South Dakota and Minnesota led the pack for March among Midwestern states in a closely watched manufacturing survey that showed much-improved employment conditions and creeping inflationary pressure.

Creighton University's nine-state Mid-America Business Conditions Index released Monday was a strong 60.1, down slightly from 60.5 in February but still showing the fourth straight month of growth.

Any index higher than 50 indicates growth. The Institute for Supply Management's survey, also released Monday, indicated a national manufacturing growth index of 57.2.

"The overall index over the past several months indicates a healthy regional manufacturing economy and points to positive growth for both manufacturing and nonmanufacturing through the third quarter of this year," said Ernie Goss, director of Creighton's Economic Forecasting Group, which conducts the Mid-America survey.

While South Dakota had the highest index among the nine states in the Mid-America index at 67.2, Minnesota had the most growth, from 54.3 in February to 61.8 in March.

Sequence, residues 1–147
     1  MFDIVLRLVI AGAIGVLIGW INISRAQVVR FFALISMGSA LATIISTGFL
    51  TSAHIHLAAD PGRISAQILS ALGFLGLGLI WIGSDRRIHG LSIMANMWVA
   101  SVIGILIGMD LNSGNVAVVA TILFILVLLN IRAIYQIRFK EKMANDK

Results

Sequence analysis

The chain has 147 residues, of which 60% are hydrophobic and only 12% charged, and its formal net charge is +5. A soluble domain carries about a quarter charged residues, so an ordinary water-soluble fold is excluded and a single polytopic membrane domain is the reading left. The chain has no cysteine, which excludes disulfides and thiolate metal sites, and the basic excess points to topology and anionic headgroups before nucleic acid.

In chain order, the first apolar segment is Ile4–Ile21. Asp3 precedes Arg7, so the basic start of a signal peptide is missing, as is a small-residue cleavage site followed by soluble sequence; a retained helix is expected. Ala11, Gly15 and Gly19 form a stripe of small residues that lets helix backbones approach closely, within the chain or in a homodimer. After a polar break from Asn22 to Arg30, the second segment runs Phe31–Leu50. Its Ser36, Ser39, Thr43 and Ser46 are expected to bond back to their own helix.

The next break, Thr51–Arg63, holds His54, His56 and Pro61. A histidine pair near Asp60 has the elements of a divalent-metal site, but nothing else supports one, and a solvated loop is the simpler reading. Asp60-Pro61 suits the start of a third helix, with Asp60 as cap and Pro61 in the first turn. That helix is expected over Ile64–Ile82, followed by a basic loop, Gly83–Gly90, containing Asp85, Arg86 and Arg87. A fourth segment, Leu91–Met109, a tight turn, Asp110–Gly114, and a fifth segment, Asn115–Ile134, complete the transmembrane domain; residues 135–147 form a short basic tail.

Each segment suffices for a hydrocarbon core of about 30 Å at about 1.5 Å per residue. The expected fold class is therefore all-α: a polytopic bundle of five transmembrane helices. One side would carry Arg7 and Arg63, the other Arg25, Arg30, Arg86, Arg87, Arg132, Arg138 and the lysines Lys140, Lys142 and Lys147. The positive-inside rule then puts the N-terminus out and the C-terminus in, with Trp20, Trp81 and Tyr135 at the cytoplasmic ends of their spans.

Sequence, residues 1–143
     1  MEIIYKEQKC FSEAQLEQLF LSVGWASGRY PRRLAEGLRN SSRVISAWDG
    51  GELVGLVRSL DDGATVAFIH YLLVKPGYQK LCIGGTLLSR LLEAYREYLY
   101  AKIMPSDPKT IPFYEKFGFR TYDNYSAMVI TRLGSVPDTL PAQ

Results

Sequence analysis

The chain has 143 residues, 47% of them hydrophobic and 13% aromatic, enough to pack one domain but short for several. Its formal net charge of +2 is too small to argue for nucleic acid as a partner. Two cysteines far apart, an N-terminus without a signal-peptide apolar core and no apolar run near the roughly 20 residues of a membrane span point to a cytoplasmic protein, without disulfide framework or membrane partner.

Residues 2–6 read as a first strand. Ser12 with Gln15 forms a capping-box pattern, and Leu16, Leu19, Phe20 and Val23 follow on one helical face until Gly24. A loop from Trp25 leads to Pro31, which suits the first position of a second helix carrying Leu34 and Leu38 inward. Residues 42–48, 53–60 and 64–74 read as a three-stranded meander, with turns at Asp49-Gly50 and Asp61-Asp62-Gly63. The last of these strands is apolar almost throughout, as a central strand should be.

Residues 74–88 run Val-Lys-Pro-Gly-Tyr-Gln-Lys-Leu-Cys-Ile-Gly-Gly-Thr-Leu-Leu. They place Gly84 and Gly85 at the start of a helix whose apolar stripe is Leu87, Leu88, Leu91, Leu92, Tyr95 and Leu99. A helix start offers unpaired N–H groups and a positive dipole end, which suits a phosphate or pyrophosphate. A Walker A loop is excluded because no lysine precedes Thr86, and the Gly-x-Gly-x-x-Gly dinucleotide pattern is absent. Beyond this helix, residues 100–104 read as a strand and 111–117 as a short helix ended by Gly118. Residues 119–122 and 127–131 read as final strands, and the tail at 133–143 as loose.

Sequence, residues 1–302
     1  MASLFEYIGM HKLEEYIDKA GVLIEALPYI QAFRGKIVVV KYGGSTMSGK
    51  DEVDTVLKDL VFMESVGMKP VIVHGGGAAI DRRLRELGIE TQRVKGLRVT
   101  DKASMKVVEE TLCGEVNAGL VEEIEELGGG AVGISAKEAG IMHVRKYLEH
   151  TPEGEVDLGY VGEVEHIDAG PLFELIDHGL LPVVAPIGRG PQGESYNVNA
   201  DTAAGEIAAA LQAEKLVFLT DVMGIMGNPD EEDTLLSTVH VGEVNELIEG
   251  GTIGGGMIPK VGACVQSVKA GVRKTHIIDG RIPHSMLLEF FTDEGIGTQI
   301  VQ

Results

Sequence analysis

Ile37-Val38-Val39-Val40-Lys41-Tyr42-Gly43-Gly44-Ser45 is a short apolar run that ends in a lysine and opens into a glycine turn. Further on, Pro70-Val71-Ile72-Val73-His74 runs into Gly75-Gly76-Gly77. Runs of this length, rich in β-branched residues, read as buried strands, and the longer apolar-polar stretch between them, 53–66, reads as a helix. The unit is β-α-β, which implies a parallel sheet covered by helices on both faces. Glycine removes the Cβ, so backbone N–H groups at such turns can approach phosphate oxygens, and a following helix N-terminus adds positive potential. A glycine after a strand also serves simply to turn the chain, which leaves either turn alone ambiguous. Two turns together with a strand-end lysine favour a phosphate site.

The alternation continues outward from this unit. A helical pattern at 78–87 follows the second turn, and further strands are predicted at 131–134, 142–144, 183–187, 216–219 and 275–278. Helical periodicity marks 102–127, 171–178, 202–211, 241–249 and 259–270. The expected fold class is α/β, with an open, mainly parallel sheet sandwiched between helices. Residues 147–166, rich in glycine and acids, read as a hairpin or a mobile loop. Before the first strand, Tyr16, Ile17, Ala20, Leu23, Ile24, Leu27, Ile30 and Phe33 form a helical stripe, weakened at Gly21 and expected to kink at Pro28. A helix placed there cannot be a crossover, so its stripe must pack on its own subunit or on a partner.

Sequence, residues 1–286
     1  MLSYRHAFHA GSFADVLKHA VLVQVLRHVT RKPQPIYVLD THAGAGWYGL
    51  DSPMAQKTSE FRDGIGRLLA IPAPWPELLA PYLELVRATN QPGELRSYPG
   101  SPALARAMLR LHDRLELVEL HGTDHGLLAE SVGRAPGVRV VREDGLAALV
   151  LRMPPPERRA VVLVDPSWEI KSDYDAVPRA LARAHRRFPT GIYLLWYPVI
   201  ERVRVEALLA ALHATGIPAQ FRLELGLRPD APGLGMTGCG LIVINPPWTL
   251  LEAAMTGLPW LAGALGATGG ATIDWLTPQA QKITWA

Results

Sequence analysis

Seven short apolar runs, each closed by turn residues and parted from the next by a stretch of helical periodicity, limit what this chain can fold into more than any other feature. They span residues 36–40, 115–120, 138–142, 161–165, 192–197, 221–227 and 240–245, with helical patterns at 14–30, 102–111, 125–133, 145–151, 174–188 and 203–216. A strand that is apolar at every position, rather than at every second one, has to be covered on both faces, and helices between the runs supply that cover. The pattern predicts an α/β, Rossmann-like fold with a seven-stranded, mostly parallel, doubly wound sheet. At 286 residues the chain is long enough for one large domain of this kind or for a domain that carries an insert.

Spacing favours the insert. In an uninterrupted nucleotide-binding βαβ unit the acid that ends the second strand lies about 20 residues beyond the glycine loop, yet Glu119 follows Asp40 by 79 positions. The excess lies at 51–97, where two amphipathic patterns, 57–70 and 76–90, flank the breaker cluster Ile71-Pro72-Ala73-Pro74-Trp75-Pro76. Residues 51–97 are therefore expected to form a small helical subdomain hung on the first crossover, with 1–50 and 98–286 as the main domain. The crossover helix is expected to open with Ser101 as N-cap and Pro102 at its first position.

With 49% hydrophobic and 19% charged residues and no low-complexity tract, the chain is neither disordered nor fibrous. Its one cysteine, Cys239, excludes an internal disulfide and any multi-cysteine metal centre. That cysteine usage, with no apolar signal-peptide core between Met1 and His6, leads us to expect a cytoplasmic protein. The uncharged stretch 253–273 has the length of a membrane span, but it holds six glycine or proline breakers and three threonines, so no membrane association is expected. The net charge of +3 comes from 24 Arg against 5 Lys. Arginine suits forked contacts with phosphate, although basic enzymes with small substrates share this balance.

Manufacturers noted strong orders and employment factors.

"Durable goods manufacturers, including metal producers, continue to detail slow growth, while nondurable goods firms such as food processors experience improving economic conditions," Goss said. "Overall growth, both manufacturing and nonmanufacturing, will continue to expand at a healthy pace for the next three to six months."

Across the states in the survey — Arkansas, Iowa, Kansas, Minnesota, Missouri, Nebraska, North Dakota, Oklahoma and South Dakota — the employment index was strong at 62.6, up from 57 in January and the highest seen since May 2006. Managers at 62.9 percent of firms surveyed said they would hire in the next six months, up from 24.6 percent in June 2016.

"Even though the nonmanufacturing sector of the regional economy continues to outperform the manufacturing sector, that gap is closing," Goss said, noting that manufacturers of durable goods such as furniture and cars are still losing jobs but at a slower pace.